Queen Elizabeth Follows Doctors' Orders As Worries About Her Health Mount

The full timeline of Queen Elizabeth's health problems demonstrates how her strength has gradually deteriorated in recent years. With Her Majesty now well into her nineties, questions are being raised over how much longer the beloved, long-reigning monarch has left. On July 12, she appeared at an event to award the George Cross to representatives of the National Health Service (NHS), her first public investiture since 2020, as reported by Town and Country magazine.

The queen appeared to be in good spirits at the ceremony, with BBC News noting that, although she used a walking stick to move around, Her Majesty stood and talked to the recipients with ease, not needing any assistance. Per NBC News, the queen has been suffering with "episodic mobility problems," according to Buckingham Palace, which has rightfully led to a considerable scaling back of her responsibilities, particularly when it comes to attending public events.

Recent photos of the queen have fans concerned for her health all over again, after she was glimpsed with bruised hands while greeting the new British Prime Minister, Liz Truss. Notably, Her Majesty chose to meet Truss at her home in Balmoral, Scotland, rather than traveling back down to London, as she did in the past (via People). Clearly, she's been forced to take her health more seriously, including following doctors' orders even when it means missing out.

Her Majesty has been advised to take it easy after a busy few days

After having "a full day," which included handling the transition of power from former British Prime Minister Boris Johnson to incomer Liz Truss, the queen has been advised to take some time off. The Independent confirms Her Majesty has postponed a Privy Council meeting on doctors' orders, with Buckingham Palace noting it will happen at a later date. "Her Majesty has this afternoon accepted doctors' advice to rest," they stated. The meeting was due to be held virtually, which highlights how serious the queen's mobility issues are becoming.

Thankfully, she doesn't have to go to the hospital, with Her Majesty remaining in the cozy confines of her holiday home, in Balmoral Castle, Scotland, instead. The beloved leader, who celebrated 70 years on the throne in June, has begun regularly using a walking stick during public appearances and was previously told to rest in fall of last year, resulting in a planned trip to Northern Ireland being cancelled. She was also taken to hospital in October 2021 for "preliminary investigations," which necessitated her first overnight stay in nearly a decade.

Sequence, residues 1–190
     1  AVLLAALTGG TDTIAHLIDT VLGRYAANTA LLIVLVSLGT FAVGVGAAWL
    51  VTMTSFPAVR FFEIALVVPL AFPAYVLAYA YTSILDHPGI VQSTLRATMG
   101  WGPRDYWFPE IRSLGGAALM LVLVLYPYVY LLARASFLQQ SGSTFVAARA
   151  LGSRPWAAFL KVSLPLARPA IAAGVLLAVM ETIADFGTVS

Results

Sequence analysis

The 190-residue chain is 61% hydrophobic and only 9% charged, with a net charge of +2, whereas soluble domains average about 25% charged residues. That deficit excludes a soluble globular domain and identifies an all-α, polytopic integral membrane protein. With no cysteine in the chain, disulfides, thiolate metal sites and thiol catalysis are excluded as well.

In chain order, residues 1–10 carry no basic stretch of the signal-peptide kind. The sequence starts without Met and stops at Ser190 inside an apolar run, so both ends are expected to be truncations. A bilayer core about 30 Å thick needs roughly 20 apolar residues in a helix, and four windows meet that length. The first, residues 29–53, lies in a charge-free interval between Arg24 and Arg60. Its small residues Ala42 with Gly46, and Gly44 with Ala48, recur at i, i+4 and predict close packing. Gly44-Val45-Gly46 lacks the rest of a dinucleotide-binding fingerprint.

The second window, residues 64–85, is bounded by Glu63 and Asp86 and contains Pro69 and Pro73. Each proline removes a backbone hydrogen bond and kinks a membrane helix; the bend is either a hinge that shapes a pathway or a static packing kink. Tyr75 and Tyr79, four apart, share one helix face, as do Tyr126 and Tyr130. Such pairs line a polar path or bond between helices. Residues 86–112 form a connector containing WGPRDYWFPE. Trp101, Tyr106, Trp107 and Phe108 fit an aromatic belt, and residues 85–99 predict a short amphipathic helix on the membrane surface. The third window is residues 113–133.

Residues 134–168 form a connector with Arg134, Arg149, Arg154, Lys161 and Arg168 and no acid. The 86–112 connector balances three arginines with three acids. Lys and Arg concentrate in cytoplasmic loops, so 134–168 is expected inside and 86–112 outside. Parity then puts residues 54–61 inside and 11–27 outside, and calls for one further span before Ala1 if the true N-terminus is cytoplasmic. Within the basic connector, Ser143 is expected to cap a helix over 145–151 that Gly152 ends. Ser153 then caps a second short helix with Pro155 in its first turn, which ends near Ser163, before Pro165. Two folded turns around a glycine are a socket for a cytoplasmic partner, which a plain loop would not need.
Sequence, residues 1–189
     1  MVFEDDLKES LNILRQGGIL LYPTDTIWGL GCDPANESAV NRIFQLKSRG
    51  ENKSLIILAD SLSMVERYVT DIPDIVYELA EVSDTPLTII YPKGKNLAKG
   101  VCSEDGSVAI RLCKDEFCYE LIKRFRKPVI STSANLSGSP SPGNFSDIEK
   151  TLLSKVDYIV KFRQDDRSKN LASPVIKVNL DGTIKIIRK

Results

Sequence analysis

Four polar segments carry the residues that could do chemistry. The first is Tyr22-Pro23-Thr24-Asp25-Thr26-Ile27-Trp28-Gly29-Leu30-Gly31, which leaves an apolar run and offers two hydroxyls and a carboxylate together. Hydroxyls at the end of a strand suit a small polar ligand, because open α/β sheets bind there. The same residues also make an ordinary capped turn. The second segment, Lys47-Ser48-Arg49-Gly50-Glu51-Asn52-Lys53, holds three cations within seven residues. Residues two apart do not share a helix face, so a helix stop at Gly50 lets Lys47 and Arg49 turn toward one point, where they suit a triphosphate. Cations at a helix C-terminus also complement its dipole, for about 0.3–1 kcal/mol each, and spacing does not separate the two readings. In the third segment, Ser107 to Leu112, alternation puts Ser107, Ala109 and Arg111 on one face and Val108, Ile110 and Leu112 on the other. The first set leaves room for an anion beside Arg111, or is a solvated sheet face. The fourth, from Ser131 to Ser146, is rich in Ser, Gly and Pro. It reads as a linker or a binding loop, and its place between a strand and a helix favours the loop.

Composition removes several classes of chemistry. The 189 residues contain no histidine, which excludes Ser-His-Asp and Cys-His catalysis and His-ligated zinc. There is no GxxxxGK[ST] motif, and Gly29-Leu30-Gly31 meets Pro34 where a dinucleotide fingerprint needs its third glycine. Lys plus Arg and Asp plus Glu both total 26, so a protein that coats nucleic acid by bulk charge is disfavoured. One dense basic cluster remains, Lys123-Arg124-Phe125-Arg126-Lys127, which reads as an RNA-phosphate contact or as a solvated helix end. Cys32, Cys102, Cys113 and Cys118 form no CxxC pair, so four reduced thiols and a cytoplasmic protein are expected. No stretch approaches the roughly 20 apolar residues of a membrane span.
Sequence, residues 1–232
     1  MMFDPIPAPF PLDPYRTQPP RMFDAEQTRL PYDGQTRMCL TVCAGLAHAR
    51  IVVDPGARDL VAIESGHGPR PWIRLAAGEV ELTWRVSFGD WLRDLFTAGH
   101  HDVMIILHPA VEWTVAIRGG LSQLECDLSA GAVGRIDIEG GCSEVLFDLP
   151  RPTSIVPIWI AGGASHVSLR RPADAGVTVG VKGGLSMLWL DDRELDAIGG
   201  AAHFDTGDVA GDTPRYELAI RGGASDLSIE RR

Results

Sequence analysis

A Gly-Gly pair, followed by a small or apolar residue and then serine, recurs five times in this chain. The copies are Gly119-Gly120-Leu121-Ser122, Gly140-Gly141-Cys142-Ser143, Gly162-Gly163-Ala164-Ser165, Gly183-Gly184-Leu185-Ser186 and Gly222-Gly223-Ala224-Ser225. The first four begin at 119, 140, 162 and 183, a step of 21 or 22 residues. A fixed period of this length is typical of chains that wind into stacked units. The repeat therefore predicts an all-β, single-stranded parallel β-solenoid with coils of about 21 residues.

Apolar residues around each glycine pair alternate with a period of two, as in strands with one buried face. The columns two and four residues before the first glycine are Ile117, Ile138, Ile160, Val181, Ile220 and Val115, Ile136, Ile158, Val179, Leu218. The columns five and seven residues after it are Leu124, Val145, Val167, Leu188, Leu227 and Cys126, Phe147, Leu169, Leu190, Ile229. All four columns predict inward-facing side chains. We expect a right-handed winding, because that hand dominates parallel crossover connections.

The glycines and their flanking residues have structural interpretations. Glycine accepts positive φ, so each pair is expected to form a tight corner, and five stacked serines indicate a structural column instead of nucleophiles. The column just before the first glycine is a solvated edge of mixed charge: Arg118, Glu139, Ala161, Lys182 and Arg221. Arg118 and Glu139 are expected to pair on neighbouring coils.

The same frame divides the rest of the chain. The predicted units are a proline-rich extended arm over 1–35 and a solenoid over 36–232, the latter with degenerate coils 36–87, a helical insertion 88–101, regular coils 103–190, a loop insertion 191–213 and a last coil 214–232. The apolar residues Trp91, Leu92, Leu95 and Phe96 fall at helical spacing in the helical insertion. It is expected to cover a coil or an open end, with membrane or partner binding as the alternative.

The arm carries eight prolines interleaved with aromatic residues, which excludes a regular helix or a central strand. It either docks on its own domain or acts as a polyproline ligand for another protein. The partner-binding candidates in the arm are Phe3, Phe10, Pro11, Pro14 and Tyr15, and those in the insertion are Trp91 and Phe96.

Likewise, the queen was forced to sit out many of the key events during her Platinum Jubilee, including the thanksgiving service at St. Paul's Cathedral, per Town and Country magazine. She did manage a couple appearances on the balcony at Buckingham Palace, though, much to the delight of gathered fans.

There are detailed plans in place for the queen's death

Although it's sad to consider, Queen Elizabeth's death likely isn't too far off. British grief over the queen's death will be historic, understandably so, with the country plunged into a state of despair after losing the woman who's been ruling over it for seven decades. There's a strict protocol in place for when the time comes, with numerous code name operations for British officials to carry out following the queen's death, including who will be told first and how the world at large will find out.

As Maire Claire reported at the time, the queen moved out of Buckingham Palace permanently earlier this year, which signaled to many royal watchers that she's moving further into a low key, even behind-the-scenes role in the monarchy. As Joe Little, royal expert and managing editor of Majesty magazine, elaborated during a chat with Page Six, "People are a bit more focused on the transition since last autumn with the queen's ... fluctuating health."

Meanwhile, her son, Prince Charles, is actively preparing for his inevitable ascension, with Little revealing, "The transition has been planned behind the scenes for quite a few years." He added, "Unlike [the queen's father] King George VI, who died quicker than expected and with not a lot of preparation, this is well mapped out and orchestrated." With her health continuing to decline, it stands to reason the pieces are being put into place for when the queen eventually passes.